Watch a Bear Being Swept Over a Waterfall In Yellowstone

Written by Angie Menjivar
Updated: December 23, 2022
© Antoni Murcia/Shutterstock.com
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Continue Reading To See This Amazing Video

Key Points

  • Grizzly bears are fantastic swimmers.
  • Bears paddle with their front paws much like a dog when they swim.
  • Grizzly bears can survive waterfall falls.

In Yellowstone, there exist two bear species: black bears and grizzly bears. This area is known for its bear sightings, and many people flock to it to catch a glimpse of these large creatures.

This video starts off with a grizzly bear approaching a river from a rocky area. The onlookers can be heard shouting about where it’s located, in an attempt to help fellow onlookers spot it themselves.

The grizzly emerges more clearly as it approaches the water and a woman can be heard saying “Oh, yeah, yeah, yeah!” as she spots the bear herself.

The bear takes a small jump into the rushing water, getting submerged for a microsecond, and the crowd behind the cameraman squeals excitedly. The bear continues into the water, trying to swim across the river to the other side.

“Good boy,” says the cameraman as if he were speaking to a domesticated pup.

The currents are quite strong, and you can see that the bear, though able to swim, is coming closer to the cameraman, with the flow of the water, instead of making its way across the river.

The grizzly continues its swim forward, toward the other side of the river and the cameraman keeps his camera zoomed in on the bear.

“No, he’s not going to go over the waterfall,” he says to someone concerned about that outcome.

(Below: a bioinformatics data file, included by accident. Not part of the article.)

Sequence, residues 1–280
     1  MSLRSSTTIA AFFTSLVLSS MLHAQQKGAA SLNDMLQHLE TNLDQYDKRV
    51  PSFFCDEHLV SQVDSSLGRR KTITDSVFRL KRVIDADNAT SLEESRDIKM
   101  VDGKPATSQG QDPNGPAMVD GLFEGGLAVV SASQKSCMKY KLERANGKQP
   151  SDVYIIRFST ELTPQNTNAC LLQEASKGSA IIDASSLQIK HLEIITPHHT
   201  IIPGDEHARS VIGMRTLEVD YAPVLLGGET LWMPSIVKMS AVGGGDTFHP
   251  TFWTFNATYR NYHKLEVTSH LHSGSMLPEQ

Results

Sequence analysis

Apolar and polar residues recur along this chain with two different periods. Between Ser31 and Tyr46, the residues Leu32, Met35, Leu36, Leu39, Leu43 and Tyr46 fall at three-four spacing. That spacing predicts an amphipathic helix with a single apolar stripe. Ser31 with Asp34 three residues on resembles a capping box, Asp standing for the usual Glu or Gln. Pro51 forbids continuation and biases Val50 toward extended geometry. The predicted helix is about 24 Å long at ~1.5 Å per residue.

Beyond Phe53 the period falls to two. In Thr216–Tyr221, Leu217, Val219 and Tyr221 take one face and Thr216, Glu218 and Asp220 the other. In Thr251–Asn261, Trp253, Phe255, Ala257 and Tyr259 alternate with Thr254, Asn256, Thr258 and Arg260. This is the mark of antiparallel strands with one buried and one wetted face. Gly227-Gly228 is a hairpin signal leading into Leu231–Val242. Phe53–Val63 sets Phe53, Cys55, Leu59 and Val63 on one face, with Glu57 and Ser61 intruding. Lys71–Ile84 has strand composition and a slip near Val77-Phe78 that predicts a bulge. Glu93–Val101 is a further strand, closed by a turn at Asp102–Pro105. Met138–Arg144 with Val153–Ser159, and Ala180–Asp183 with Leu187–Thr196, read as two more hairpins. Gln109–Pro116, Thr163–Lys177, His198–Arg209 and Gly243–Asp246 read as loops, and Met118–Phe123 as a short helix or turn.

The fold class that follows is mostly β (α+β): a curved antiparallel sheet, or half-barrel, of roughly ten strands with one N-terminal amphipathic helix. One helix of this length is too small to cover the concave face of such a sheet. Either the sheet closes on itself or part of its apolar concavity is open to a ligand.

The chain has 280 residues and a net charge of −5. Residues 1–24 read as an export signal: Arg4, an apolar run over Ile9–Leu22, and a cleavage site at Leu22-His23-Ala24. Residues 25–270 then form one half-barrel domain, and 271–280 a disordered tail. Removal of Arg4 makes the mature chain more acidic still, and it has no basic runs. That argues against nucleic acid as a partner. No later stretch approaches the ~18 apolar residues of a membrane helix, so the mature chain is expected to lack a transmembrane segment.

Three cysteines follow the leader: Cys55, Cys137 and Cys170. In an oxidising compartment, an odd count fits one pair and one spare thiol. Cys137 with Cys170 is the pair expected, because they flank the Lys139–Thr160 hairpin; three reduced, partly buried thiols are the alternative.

The bear continues swimming toward the left as the current continues toward the cameraman. At one point, the bear turns to its right to face the current head-on for a second before turning back to where it came from, apparently trying to figure out the best course of action. It decides it’s too far into the river to turn back now.

And it also seems to know it’s in a bit of trouble.

Grizzly Bear in the Wild

©Dennis W Donohue/Shutterstock.com

It continues making its way forward, and you can see a large portion of its back as if it is able to touch the bottom of the river. It looks to be in running mode, trying to make it across before the current pushes it over the waterfall.

“No, he’ll be alright,” says the cameraman again just as the bear gets swept into the waterfall. The cameraman had apparently only kept his eye on the zoomed-in view of the camera, failing to see just how close the grizzly was to the fall.

The bear falls into the plunge pool of the waterfall, where the cascading waters land.

The bear, demonstrating its strong swimming skills, keeps its head above water despite the fall, and continues to swim toward land. The water currents are strong and push the bear downstream even further.

A few quiet moments ensue as the crowd watches the bear struggle a bit. Finally, it catches its footing and approaches a rocky area where it emerges and shakes itself off.

Do Grizzly Bears Know How To Swim?

Yes! Due to their high body fat content and oily coat, grizzly bears are efficient swimmers.